Medical Practice Closure Considerations

We receive questions concerning the steps that are required or necessary in connection with the closure of a medical practice.  Typically, a physician who has devoted their entire life to the day-to-day practice of medicine is faced with numerous legal, accounting, and administrative tasks, some of which extend beyond the actual shut-down of the practice.  Planning, organization, communication, and administration are key elements to avoid issues after the closure.

Practice closure matters include but are not limited to:

Staff Notification: Staff of the practice should be notified of the closure.  A physician may have to prepare to hire temporary staff if employees leave prior to closing date.

Patient Notification: The State Medical Board of Ohio (“Ohio Medical Board”) has laws and rules pertaining to the notice that a physician is required to give patients.  These laws and rules include, but are not limited to, when notice must be given, the information that is required to be included in the notice, and how notice must be given.

Government/Payor/Agency Notifications: Notice concerning the closure of the practice must be coordinated and given to entities including, but not limited to, the DEA, Medicare, Medicaid, private insurance payors, hospitals, professional associations, and the Ohio Medical Board.  Each entity may have different requirements.

Professional Liability Insurance: If necessary, extended reporting professional liability insurance (so called, “tail coverage”) should be obtained, which provides coverage against claims reported after the liability policy expires.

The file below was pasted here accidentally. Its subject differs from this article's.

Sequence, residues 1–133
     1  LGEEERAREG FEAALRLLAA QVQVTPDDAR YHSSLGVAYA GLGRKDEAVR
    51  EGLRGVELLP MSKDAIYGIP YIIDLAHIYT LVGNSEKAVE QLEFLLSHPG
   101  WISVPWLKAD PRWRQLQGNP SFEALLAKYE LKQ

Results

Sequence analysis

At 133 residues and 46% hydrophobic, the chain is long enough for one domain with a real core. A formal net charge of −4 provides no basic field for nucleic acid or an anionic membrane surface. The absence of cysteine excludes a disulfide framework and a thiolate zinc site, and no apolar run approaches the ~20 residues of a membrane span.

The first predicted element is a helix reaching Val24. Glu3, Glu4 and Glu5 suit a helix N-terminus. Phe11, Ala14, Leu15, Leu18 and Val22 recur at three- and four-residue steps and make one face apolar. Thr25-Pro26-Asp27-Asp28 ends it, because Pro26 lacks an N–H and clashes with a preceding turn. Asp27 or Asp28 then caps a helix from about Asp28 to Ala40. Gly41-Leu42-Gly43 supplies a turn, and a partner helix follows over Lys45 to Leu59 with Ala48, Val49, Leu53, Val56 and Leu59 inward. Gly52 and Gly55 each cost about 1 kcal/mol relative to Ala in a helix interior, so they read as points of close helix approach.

Medical Records: The storage or transfer of paper and electronic medical records in compliance with Federal and State law including, but not limited to, HIPAA must be completed.  An address or PO Box to receive, and procedure to respond to, medical records requests after the closure of the medical practice must be established and followed.

Service and Supply Providers: Notice concerning the closure of the practice to providers including, but not limited to, providers of ancillary services, medical supplies, and other services and supplies should be coordinated and given.  Accounts with such providers should be closed.

Business Entity Issues: Termination of any Lease Agreement(s), termination of utilities services, collection of accounts receivables, sale of medical and office equipment, dissolving the medical practice legal entity with the Ohio Secretary of State, and filing of final Federal, State, and local tax returns must be coordinated and completed.

If you have any questions about this blog or the State Medical Board of Ohio, please feel free to contact one of the attorneys at Collis Law Group LLC at (614) 486-3909 or email me at Todd@collislaw.com.

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Ohio Physicians…Emeritus registration is an honorable and practical status following your retirement from the practice of medicine in Ohio.

Many physicians struggle with retirement. Many physicians envision practicing medicine until the day they die because they view medicine not only as their job, but as their way of life, identity, and calling.